For people with gluten sensitivities or those pursuing a low carb lifestyle such as the keto diet, eating a big bowl of conventional pasta is a no-no. But, if you still want to enjoy a type of pasta, there are a few “noodle” options to consider. One popular, low carb pasta replacement is made from the stem of the konjac plant. However, if you go for konjac noodles, there are a few things you need to know upfront – like if you eat too many, you could end up in the emergency room, and also, these noodles are made from the same material that is found in cosmetic sponges. Oh my…
Konjac is not new
Konjac noodles, also known as shirataki noodles, have been eaten in parts of Asia since the 6th century and have gained popularity in the west due to their low calorie, low carb, and high fiber content. Eating konjac noodles leaves you feeling full because they are mostly fiber and water. This seems to make it an almost “perfect” option for those watching their waistlines, wheat and carbs.
In Japan this plant is known as “a broom for the stomach” because of its ability to cleanse the digestive system. However, the high amount of fiber in these noodles can be dangerous as jewelry designer and Home Shopping Network Host Carol Brodie found out.
Woman ends up in the hospital after eating diet noodles
Brodie was excited to try the low carb konjac noodles after learning that each package only contained 25 calories. The prospect of being full after eating these noodles was attractive, and she ordered several boxes of Better Than Pasta brand konjac noodles from Amazon.
After eating four packages at one time, she began to feel horrible.
“All of a sudden, I started getting the most horrendous tightening and pulling cramps,” she said. “I felt like I was dying. I felt like I was choking to death.”
She went to the hospital where doctors found a solid, indigestible mass known as a bezoar in her digestive tract. This mass was comprised of undigested noodles. To ease her discomfort, Brodie remained on a diet of soup and Diet Coke for more than a month. Now, she wants everyone to know what happened to her and has put the warning out there.
Besides speaking publicly about her scary event, Brodie has filed a lawsuit against Green Spot Foods, the Wisconsin company that makes the Better Than Pasta noodles. She is also suing Amazon for selling a product that she feels is dangerous.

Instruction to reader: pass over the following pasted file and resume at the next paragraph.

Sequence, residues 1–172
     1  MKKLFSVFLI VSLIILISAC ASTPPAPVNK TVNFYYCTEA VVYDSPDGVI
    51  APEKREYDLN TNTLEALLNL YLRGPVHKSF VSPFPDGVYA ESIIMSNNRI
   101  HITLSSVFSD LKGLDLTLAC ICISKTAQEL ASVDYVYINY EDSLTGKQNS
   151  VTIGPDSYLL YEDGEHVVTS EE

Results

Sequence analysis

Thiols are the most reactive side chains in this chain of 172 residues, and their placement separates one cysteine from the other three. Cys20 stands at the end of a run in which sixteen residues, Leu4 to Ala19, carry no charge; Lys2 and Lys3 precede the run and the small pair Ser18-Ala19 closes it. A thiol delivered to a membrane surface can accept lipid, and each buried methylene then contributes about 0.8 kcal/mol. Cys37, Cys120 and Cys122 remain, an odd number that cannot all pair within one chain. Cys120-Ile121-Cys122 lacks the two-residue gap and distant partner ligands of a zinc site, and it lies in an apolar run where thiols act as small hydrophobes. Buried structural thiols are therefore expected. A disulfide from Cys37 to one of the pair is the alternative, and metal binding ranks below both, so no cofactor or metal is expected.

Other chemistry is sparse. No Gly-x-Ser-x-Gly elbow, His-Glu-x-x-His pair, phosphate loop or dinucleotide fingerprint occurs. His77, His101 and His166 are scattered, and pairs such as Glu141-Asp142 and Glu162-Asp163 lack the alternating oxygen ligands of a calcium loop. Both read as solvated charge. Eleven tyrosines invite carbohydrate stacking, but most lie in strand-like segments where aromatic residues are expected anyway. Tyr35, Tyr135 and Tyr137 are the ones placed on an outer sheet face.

According to Brodie’s attorney, Rosemarie Arnold,
“When you swallow it, it doesn’t dissolve in your stomach and that’s why it was able to keep you full for so long. This company knew that this product was not safe to consume but they put it on Amazon.”
Loaded with soluble fiber
The nutrition information on the Better Than Noodles label states that each package contains about three servings, and each serving has four grams of fiber. Perhaps one thing that led to Brodie’s distress is that she gobbled up four packs of noodles in one sitting. This equates to 48 grams of fiber, which is close to twice the FDA’s Recommended Daily Value of 25 grams. Additionally, the Amazon listing for these particular noodles states that it is important to drink plenty of water when eating the noodles because of the amount of soluble fiber that they contain.
Konjac contains glucomannan, a type of soluble fiber that has been studied for its natural laxative effects. This would explain why it is referred to as “a broom for the stomach.” A study published in the journal Nutrition suggested that a 4.5-gram supplementation of konjac glucomannan per day, “promoted the defecation frequency in healthy adults,” and it also increased the bulk of each stool. This would describe why one Amazon reviewer mentioned had this to say about the noodles, ” they didn’t fully digest in my stomach so you can imagine the poop situation.“
Other “diet” noodle options
There is good news. Noodles made from the fibrous plant are not your only option if you are seeking low carb, gluten-free noodles. Other delicious options include chickpea pasta, zucchini, or squash noodles or even delicious keto-friendly pasta made from mozzarella and egg yolk.
Takeaway: If you are set on eating shirataki noodles, caveat emptor is a must. Reading labels no matter what you are eating is important, and if you are going to eat high fiber foods, mind the serving size, and consume plenty of water.
-The Alternative Daily